Ask The Experts: April 10, 2019
Independent Transportation Analyst and Consultant
Q: Do you think the recent border closing threats will have a greater impact than the tariff situation?
A: Border closing trumps any tariff threat! Just as NAFTA 2.0 might be about to be addressed by Congress, and the China negotiations just might be heading towards “endgame” (with upside for US Ag possibly a part of the deal, even as China now targets Canadian canola perhaps in retaliation for the Huawei mess) , the White House has opened new fronts in North America. The first was to press both Canada and Mexico for metals quotas (in return for tariff removal), threatening ratification votes in those partner countries, and causing the US Chamber of Commerce to state that “Tariffs are bad; quotas are worse”.
But that was nothing compared to the threat of a southern border closing – again, the US Chamber: “unmitigated economic debacle!” Even the threat and some redirected TSA personnel has led to truck delays increasing (at El Paso 2 hour waits increased to 5-6 overnight). So far, AMLO (who presented a balanced budget two days ago, to great relief) has been friendly to POTUS and US – but given that his top economic/business backer, Ricardo Salinas, says that AMLO has issues with “trust & delegation”, and the USA and US-owned railroads are a constantly tempting target, I am not sure why provocation, in a period of slowing Mexican GDP (even the government reduced 2019E form +2% to +1.6%) is the best tactic at present. Recently, it seems the White House is “walking back” some of the border closing threats, even noting that they would exclude trucks from the potential closing (no mention of rail!), what does this turmoil do to potential FDI? “Security is more important to me than trade”, said POTUS.
Q: What do you think about the current leadership changes in rail due to Precision Scheduled Railroading (PSR) efforts?
A: Change is a constant – PSR personnel shakeups not always easy to decipher: So, we covered a bit of CSX’s almost constant turnover; this week CN announced (along with a new steamship line, Zim, calling on Prince Rupert) self-described “sweeping changes….designed to forge closer links between operations and technology” (an interesting and helpful twist), and added strategic acquisitions to CFO Houle’s portfolio and operations/integration of new portfolio companies to that of SVP/Consumer Products Reardon. Clearly we should expect to see more supply chain extension deals like TransX and ports in the future. Meanwhile, Norfolk Southern’s personnel announcement was a bit harder to read. Three announcements – EVP John Scheib added strategy; SVP Annie Adams of HR was named Chief Transformation Officer (?? Isn’t that the CEO?), and vanes A. Sutherland, who joined NS last year, was named SVP-Law. One thing I don’t fully understand – and here I have to note that these guys are friends – but Scheib, in many ways responsible for the positive surprise coming out of the recent Investor Conference, has always been involved in strategy, clearly to NS’ benefit. But this seems to mean that Mike McClellan, on the of the bright lights of the entire industry, now reports to John who reports to CEO Squires. Anything that, in reality or perception, marginalizes McClellan is not good for NSC.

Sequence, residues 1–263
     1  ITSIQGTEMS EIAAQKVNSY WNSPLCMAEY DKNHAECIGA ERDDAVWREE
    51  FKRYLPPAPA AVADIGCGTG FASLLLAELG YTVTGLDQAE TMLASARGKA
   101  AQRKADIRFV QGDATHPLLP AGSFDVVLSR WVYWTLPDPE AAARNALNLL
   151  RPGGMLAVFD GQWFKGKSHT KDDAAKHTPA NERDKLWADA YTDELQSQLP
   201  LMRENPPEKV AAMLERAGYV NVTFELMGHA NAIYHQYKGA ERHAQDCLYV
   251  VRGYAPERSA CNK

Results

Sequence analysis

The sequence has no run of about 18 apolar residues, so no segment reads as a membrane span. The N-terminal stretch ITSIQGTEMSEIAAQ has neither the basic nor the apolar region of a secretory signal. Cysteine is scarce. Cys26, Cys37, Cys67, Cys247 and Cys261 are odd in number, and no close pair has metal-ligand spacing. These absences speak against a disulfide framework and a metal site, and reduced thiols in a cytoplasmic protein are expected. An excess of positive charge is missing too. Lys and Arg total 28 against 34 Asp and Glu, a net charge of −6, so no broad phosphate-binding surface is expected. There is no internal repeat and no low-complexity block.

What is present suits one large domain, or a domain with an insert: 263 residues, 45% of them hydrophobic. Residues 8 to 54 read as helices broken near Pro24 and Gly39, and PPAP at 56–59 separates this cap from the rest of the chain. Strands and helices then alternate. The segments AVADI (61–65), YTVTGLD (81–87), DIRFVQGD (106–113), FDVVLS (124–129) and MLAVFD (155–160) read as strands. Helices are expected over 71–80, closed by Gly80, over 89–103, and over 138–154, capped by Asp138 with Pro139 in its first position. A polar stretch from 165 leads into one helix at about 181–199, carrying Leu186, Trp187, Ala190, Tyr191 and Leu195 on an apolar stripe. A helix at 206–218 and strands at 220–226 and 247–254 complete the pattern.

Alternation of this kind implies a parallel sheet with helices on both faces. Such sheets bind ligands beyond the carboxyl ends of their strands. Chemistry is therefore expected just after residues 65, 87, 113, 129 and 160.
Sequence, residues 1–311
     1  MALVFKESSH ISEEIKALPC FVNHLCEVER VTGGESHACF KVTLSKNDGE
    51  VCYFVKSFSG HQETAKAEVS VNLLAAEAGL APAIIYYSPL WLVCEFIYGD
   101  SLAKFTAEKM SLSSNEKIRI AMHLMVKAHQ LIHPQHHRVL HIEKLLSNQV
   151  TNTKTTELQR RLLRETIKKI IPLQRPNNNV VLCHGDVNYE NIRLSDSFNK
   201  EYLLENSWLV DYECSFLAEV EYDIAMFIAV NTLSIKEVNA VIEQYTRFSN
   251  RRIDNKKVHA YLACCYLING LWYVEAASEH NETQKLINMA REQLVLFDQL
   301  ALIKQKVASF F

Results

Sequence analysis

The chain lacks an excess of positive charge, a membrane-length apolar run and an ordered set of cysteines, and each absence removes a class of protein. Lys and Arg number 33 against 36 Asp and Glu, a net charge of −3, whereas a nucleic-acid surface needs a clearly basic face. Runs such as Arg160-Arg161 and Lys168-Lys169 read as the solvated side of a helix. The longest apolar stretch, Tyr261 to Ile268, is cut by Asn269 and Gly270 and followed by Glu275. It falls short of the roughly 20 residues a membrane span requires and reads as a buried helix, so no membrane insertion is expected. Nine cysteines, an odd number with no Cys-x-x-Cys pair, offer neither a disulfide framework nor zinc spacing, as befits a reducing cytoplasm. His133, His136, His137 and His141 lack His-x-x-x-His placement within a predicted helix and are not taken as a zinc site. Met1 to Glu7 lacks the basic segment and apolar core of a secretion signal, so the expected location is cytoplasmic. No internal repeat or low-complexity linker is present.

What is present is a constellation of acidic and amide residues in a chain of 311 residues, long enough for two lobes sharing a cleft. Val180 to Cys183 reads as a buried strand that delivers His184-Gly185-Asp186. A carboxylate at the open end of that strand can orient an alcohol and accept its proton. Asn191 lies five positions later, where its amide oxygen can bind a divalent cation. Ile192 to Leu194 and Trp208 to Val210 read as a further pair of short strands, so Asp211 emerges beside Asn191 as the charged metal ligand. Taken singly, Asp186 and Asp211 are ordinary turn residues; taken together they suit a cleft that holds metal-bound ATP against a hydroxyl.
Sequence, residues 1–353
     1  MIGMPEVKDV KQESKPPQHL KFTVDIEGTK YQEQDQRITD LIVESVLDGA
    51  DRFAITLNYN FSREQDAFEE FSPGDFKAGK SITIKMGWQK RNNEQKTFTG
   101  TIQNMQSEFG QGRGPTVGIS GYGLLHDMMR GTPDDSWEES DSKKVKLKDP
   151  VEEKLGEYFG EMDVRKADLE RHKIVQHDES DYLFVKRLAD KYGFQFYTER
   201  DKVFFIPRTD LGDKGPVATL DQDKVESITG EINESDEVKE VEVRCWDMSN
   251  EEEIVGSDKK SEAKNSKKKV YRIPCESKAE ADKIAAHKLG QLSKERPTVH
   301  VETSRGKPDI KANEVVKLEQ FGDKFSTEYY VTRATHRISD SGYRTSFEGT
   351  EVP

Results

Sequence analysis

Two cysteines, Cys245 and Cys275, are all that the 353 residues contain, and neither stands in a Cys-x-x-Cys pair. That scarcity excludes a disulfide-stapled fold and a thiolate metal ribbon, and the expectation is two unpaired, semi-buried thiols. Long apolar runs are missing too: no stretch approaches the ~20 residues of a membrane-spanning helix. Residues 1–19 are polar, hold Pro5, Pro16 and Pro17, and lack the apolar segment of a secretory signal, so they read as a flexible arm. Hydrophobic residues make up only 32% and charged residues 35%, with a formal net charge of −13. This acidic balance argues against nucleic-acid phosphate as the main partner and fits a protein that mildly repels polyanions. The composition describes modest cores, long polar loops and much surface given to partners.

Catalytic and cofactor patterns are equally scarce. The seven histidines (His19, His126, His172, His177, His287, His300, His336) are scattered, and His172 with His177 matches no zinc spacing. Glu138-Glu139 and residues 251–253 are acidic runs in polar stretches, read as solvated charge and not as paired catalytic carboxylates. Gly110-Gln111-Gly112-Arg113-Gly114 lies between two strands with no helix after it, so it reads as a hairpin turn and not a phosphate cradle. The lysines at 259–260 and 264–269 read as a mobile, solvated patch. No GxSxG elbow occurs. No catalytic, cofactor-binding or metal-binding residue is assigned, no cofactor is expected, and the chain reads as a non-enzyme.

Q: Why have short lines been such a hot topic lately?
A: The following developments are making big news:
“3i Group” announced an agreement to invest in (note) Regional Rail LLC, a small 3-line short line holding company in the Mid-Atlantic run by old hand/friend Al Sauer, ex-Rail America.
GWR, itself the object of rumor, admiration and desire, added two small-ish lines via long-term lease to its Midwestern ops, a bolt-on, contiguous line (classic old-school GWR).
Anacostia & Pacific’s Louisville & Nashville was named Short Line of the Year by RA, while GWR’s Rapid City, Pierre & Eastern (ne’ CP’s DMW-West) was named Regional; Railroad of the Year.
At NEARS there was both a Short Line Panel and an address by Gil Lamphere of Mid-Rail, plus days of convention (more on this later) ….
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